As a rule of thumb, if the model you buy today is going to be on sale for the next few years for around the same price and has moving parts, it is worth considering a warranty. If it will be worth a small percentage of its value because newer faster shinier models come along to replace it don't bother.

I would also not get the warranty from the shop I bought the product from. You can get warranties for consumer products from specialist third parties that will allow you to cover multiple products for a discount. These work out a lot cheaper than the one the shop will give you. For example in the UK, DomGen will cover 3 appliances for £14.99/month and 6 for £20.99/month

  • +1. Excellent answer. On the last part, though - how reliable are those 3rd party warranty companies? Know anybody who made a successful claim without a hassle? – Chris W. Rea Nov 20 '09 at 12:35
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    Not personally, there is a consumer TV show in the UK that fairly recently found in general they were no worse than the primary retailers. I'll see if I can find a reference – Rich Seller Nov 20 '09 at 12:47
4

To take a higher level view of this, consider the warranty as buying insurance. They want to sell you the warranty because there's profit in it for them over the aggregate of all the warranties they sell.

So ask yourself, would having to replace this item out of your own pocket cause you a significant financial burden? Items like houses we insure because we can't afford to lose the investment. Items like cars we get liability insurance because we can't afford to pay for another person's medical costs if we're liable for their injury.

On the other hand, if you're talking about a $1000 piece of equipment in your house, this won't break you. That means you can self-insure, and if you do that for all the items you purchase, over the long haul, then you will save money (equal to the profit that the company expects on the warranties).

So I say, no, don't buy extended warranties. The more they're trying to sell it to you, the less you should be willing to buy it (because the higher their profit margin is if they can convince you to buy it).

3

The issuer of the service contract is making money. DO NOT buy these contracts. Self insure over your life time 40/60 years and you will save money.

-1

Watch this super late post to a 2009 thread. Thread Necromancy in action!

Yes, it's absolutely worth it to get an extended warranty because electronics just don't last as long as they used to. This is ever more prevalent in the year 2013.

Is it a ripoff? Future Shop (in Canada) and Best Buy (U.S. & Canada) offer warranties that are typically 25% of the cost of the product. That's a huge mark-up, massive! Yet, to my knowledge they are one of the only retailers that you can walk into the store and just drop it off for exchange. As opposed to, buying a 3rd party extended warranty that is considerably less expensive, yet it puts the burden on you to mail the product in, wait for god knows how long to receive a refurbished, repaired, or new (their choice) product.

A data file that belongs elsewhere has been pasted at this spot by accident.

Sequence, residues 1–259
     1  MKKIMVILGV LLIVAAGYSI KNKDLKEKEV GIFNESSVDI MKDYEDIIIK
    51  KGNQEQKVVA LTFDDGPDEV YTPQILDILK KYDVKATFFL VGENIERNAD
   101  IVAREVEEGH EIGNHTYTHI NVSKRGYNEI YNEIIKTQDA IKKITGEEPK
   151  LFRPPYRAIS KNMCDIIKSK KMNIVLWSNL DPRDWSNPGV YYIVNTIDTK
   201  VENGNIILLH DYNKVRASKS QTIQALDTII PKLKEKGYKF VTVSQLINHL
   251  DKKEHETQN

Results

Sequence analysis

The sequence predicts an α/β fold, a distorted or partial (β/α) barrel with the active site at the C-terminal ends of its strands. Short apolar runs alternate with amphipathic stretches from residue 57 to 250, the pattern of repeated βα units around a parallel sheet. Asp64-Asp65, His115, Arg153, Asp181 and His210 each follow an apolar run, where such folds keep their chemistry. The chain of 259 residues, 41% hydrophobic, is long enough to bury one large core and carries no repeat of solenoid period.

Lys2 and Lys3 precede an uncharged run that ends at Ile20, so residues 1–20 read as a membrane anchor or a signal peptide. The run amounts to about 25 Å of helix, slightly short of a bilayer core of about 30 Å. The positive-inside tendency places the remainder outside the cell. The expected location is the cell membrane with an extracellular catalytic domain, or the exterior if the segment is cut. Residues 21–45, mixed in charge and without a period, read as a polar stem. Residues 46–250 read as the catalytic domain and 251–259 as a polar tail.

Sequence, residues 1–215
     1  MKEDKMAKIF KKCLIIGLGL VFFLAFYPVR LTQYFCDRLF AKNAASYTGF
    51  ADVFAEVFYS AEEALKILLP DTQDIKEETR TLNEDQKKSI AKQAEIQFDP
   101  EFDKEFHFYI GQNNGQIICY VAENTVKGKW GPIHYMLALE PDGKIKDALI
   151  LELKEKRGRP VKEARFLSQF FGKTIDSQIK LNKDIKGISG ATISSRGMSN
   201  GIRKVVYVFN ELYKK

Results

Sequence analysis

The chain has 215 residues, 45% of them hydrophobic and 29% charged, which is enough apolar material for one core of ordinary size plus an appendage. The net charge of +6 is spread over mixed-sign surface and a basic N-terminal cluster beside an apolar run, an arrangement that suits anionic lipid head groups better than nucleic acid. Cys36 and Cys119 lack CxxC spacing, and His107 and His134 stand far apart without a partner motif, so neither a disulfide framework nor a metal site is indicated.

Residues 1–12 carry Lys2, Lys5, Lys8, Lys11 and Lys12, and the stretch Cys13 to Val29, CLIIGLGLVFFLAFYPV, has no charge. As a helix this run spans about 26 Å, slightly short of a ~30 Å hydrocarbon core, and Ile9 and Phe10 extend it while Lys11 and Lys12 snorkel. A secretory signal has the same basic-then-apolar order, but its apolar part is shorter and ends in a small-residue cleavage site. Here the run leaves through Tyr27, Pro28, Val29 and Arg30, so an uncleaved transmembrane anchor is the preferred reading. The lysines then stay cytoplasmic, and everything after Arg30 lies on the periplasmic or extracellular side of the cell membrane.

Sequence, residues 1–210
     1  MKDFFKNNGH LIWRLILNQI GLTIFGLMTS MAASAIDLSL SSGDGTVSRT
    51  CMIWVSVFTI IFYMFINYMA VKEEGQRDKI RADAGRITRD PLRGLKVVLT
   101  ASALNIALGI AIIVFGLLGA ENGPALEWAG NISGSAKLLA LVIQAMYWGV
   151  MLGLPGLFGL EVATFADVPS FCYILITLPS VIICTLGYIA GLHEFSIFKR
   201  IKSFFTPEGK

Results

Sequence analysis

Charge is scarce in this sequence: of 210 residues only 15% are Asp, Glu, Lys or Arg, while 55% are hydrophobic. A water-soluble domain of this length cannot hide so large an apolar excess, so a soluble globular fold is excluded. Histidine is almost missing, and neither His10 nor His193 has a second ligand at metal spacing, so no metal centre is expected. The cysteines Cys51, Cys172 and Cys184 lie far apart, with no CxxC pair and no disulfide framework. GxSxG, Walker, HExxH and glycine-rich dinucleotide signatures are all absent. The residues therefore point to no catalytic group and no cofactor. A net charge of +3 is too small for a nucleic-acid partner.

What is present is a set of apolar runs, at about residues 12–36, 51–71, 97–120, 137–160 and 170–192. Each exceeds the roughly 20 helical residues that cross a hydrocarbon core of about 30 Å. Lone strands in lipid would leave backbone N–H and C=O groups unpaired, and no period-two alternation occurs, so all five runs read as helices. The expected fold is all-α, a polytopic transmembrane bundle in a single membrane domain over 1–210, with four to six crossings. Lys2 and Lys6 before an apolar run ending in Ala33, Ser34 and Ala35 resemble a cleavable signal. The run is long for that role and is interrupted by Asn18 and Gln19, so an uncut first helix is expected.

It's a gamble, an expensive one. Yet, if you're spending top dollar on a product, wouldn't you like to have some peace of mind that it will last you at least 2-3 years. Unfortunately as I mentioned earlier, electronics (or anything for that matter) just aren't as reliable as you'd hope.

The Xbox 360 gaming console was notorious for being poorly made. In fact, many people not only had to take advantage of the extended warranty, but had to do so, more than 2-3 times. So make sure you do your homework on a product, before you even think about buying it.

What do I do? I buy at Future Shop, Best Buy or Staples for the convenience of dropping off the product in the event of an issue. I really don't want to bother with the hassle of applying for warranty service and long mail-in / return wait period. If the product is $100 or so, forget it..and just buy it whoever has it cheapest and cross your fingers.

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    "because electronics just don't last as long as they used to" Any real data to support this unsubstantiated generality? If 25% is true, and one buys 4 items, they might self-insure, putting aside the cost of that replacement. I don't get the sense that electronics fail at a 25% rate over a 3 year period. – JTP - Apologise to Monica Nov 26 '13 at 20:48
  • According to many consumer reports I have read and heard, consumer electronics are MUCH more reliable than years go by. I can't cite a source, but can you? Perhaps if much of what I buy breaks, I should spend more time researching for quality. – MrChrister Nov 27 '13 at 1:07
  • The XBOX360 is the ONLY time I ever considered the extended warranty a good deal and bought it. I replaced mine under warranty twice, they had major manufacturing problems. – JohnFx May 18 '17 at 19:45